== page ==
The Simpson Library houses a collection of work documenting Joseph C. Sinel's career in design. The "father of industrial design," Sinel was an instructor at California College of Arts & Crafts in the 1920s and again in 1949/1950, later receiving CCAC's honorary Doctor of Fine Arts degree.
Joseph Sinel (1890-1975) decided at a young age that "a fellow shouldn't have to work 12 months a year" and later in life reflected upon his choice of commercial art as a vocation: "I wanted a freedom of movement, an opportunity to earn an adequate living and a chance to enjoy the fruits of the earth and the ocean and to live the unconventional life as much as I could" [all quotations, here and below, from CCAC News Release, 1970].
Sinel was born and raised in New Zealand, though his life clearly illustrates his desire to move freely:
He worked as a harvest hand and sheep shearer in Australia and served briefly in the British Merchant Marine during the early part of World War I. He has roamed throughout the United States, tramped through England and Scotland, visited the Channel Islands, climbed the Sierra Nevadas, and grown a total of twelve beards. Once he built himself a cabin of rocks and driftwood in the Sierras.
Sinel began his career as an apprentice to a lithographer, moved into advertising upon immigrating to America in 1918, and started his own design company in New York in 1923. He published A Book of American Trade-Marks and Devices for Knopf in 1924. In his long and illustrious career he designed everything from "ads to andirons and automobiles, from beer bottles to book covers, from hammers to hearing aids, from labels and letterheads to packages and pickle jars, from textiles and telephone books to toasters, typewriters and trucks." His success in New York allowed him to pick and choose jobs upon returning to the San Francisco Bay Area in 1936. He taught at a number of design and fine arts schools in the United States and for many years designed publications for Mills College in Oakland. He designed trademarks for businesses such as the Art Institute of Chicago and created book jackets for the likes of Doubleday, Knopf, and Random House. In 1955 Sinel became one of the fourteen founders of the American Society of Industrial Designers (which later merged with other organizations to become the Industrial Designers Society of America).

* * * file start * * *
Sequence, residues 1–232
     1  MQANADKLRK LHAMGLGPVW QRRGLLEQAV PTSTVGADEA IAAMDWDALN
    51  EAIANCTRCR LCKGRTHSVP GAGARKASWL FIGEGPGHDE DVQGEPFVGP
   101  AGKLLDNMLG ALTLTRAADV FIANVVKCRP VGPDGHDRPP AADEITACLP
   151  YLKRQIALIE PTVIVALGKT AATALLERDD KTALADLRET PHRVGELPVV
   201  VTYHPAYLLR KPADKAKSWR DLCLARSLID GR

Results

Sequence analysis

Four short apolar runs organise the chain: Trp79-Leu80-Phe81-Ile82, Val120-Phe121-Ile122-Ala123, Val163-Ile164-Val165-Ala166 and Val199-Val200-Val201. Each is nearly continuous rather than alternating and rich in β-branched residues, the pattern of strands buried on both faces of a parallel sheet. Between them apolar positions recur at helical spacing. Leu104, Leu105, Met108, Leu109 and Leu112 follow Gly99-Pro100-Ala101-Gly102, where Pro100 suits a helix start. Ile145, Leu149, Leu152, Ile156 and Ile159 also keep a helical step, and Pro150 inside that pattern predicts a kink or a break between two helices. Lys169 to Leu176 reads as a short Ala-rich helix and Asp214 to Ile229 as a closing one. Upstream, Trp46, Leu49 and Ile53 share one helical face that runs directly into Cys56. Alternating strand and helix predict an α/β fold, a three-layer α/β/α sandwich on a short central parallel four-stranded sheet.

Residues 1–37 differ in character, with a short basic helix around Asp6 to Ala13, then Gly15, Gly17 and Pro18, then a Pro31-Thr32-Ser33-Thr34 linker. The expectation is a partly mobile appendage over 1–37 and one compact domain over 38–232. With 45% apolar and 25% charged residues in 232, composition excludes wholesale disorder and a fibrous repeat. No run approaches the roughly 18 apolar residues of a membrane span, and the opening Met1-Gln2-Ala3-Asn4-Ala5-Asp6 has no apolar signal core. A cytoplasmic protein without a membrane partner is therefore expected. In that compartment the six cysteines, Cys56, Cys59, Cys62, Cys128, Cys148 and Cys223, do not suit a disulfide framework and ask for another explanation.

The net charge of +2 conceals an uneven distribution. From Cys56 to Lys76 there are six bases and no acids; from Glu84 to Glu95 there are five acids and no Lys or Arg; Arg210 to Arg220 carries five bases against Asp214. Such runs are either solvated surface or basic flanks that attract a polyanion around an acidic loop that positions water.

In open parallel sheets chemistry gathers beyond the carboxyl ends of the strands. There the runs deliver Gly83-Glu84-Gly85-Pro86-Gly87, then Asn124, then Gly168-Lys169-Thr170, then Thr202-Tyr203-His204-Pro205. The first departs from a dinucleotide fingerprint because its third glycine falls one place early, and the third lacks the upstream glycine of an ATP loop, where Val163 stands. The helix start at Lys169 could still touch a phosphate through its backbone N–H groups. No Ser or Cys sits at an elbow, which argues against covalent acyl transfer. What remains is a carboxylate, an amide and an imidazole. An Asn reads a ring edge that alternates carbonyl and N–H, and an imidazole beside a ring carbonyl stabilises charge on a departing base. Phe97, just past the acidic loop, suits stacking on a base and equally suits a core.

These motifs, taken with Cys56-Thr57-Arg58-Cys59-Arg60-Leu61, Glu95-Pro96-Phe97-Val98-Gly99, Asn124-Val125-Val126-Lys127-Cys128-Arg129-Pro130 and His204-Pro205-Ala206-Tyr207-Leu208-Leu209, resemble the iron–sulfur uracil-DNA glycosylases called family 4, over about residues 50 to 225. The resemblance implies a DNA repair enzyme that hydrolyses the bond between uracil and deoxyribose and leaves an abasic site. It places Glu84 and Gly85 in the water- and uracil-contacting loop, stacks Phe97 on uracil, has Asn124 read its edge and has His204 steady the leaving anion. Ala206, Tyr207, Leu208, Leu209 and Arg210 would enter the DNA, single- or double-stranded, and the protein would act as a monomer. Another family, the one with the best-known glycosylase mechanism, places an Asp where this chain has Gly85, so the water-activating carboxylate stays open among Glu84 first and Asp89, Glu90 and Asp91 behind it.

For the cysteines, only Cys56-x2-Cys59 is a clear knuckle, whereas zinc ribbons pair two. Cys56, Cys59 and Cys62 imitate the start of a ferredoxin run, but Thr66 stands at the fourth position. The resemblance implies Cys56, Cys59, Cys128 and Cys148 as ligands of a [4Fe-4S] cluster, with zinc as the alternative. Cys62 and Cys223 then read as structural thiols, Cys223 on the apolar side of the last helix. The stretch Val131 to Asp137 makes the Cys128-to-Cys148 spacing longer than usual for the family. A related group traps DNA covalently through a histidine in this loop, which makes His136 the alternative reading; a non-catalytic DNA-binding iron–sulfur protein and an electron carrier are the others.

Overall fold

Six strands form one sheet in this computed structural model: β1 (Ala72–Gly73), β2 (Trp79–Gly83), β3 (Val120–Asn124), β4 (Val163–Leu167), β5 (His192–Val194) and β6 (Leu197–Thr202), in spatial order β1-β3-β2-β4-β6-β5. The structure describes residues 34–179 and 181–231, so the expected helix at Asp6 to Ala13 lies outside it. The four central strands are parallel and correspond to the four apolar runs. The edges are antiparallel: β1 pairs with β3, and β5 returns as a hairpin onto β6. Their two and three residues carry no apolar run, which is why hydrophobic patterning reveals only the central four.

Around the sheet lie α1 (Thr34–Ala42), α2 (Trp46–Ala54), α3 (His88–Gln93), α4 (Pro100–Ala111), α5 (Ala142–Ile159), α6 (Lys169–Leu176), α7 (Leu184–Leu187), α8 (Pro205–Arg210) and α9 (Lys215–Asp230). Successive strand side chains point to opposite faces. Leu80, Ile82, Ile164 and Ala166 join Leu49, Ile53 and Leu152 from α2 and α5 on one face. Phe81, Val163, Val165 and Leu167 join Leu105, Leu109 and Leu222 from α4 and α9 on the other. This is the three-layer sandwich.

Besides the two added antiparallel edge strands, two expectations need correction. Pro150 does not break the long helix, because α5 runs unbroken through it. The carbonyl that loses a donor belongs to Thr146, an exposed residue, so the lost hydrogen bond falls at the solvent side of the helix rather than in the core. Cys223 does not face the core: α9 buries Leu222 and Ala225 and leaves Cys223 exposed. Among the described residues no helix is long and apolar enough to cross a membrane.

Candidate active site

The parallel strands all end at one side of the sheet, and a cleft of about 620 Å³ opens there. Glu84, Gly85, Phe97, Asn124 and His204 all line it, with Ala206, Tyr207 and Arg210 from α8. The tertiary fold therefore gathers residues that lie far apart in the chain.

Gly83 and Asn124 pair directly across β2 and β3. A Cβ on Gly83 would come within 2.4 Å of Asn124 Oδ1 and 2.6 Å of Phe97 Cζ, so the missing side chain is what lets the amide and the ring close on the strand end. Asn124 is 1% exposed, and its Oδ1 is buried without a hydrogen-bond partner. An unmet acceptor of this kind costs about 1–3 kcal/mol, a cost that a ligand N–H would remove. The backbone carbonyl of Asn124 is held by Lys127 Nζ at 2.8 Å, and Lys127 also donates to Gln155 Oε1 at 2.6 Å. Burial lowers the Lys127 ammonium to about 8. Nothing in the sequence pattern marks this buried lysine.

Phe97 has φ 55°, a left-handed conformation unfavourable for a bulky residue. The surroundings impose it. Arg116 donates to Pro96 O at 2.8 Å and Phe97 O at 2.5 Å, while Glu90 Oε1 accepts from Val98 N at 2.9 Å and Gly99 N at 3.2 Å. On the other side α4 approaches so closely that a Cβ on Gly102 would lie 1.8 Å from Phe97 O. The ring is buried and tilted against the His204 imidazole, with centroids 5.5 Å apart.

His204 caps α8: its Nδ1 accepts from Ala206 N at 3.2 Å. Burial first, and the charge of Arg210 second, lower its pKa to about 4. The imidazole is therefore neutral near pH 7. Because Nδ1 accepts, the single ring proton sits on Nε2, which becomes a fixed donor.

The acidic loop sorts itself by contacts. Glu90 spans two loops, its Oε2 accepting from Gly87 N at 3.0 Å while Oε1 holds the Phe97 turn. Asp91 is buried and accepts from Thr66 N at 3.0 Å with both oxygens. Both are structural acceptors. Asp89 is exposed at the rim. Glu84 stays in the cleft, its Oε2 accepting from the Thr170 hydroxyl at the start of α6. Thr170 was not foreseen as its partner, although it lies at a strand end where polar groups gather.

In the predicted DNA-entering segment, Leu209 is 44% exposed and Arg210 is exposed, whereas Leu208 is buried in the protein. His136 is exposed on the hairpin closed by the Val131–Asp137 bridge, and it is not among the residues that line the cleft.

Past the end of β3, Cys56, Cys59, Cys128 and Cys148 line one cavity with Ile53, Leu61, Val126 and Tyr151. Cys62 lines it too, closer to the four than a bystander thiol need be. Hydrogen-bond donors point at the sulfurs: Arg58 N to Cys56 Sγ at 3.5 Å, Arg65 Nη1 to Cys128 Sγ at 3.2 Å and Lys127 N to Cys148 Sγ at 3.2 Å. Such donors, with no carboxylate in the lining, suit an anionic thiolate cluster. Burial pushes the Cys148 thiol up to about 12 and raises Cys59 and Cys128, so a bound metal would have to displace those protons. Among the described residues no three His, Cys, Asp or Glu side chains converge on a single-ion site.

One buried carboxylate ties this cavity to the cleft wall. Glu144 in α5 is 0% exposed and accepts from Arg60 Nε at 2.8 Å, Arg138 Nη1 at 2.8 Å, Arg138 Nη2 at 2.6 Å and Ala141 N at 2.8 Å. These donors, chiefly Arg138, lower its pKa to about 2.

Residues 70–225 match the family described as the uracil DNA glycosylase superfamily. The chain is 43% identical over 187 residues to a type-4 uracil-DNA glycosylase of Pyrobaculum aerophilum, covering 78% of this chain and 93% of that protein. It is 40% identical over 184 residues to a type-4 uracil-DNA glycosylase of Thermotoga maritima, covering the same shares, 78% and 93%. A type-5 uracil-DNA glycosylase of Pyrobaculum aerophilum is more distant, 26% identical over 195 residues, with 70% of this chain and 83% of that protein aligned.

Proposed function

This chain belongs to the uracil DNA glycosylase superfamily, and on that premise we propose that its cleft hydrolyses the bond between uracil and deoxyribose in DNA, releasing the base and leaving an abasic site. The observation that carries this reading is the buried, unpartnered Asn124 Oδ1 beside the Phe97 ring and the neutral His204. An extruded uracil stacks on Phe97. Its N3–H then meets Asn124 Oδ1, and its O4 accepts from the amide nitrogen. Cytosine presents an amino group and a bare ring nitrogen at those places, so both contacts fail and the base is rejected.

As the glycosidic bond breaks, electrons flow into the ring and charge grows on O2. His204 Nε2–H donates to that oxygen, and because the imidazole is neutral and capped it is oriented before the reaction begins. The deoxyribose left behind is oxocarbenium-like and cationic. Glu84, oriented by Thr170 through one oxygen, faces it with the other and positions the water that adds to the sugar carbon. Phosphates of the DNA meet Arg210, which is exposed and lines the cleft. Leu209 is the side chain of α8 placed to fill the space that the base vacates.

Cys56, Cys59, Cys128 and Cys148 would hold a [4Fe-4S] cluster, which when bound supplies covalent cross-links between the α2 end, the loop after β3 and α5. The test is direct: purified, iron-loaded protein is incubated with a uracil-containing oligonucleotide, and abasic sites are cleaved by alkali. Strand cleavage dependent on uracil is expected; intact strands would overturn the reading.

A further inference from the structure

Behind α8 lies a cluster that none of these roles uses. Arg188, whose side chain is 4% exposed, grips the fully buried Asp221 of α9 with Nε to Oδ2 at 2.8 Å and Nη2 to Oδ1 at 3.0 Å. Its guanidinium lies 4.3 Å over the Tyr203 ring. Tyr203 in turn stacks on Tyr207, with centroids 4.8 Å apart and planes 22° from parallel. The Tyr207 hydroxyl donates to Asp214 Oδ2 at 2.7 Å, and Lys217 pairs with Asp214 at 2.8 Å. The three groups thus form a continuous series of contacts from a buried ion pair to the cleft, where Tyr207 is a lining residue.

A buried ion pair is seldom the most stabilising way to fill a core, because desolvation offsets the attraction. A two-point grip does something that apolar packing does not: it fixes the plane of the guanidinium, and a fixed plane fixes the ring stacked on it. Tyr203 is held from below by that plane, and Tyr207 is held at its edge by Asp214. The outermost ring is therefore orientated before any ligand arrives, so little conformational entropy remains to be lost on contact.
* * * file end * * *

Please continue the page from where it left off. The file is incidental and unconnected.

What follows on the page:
Joseph Sinel presented a collection of more than 1,000 of his works to the California College of Arts and Crafts in 1967. They are presently maintained in the Simpson Library (SF) and include "three dimensional models of Mr. Sinel's packaging innovations; his designs for industrial products and photographs of the products, among them the S&W coffee can, the first contemporary typewriter (a Remington), the Marchant Calculator... selected examples of his advertising designs, lettering, book designs, and trademarks" as well as sketch books, press, personal sketches, watercolors, and articles. These materials may be used for advanced research, by appointment only.
Joseph Sinel on the Oakland Campus. Photo by Bob Fitch Photo
- California College of Arts and Crafts. "Jo Sinel Dies at 85." Spectrum 8, no.3 (1975): 1.
- California College of Arts and Crafts. "Jo Sinel Exhibit at CCAC." CCAC News Release (June 17, 1970).
- Hughes, Edan M. Artists in California, 1786-1940, vol. 2, 517. San Francisco: Hughes Publishing Company, 1989.
- Industrial Designers Society of America. "Joseph (Jo) Claude Sinel." http://www-old.idsa.org/joseph-jo-claude-sinel
- Malone, Erin K. "Joseph Sinel." http://www.drleslie.com/Contributors/sinel.shtml
- Ward, Paul. "Joseph Sinel: Blueprint from the Edge." http://www.nzedge.com/heroes/sinel.html
- Sinel created an art deco alphabet in the 1920's that was later implemented by the P22 Type foundry.View the Sinel Font
- Sinel's Marchant Calculator
- Sinel's scale at the Dallas Museum of Art.
*biography and collection description compiled by Cody Hennesy, 2008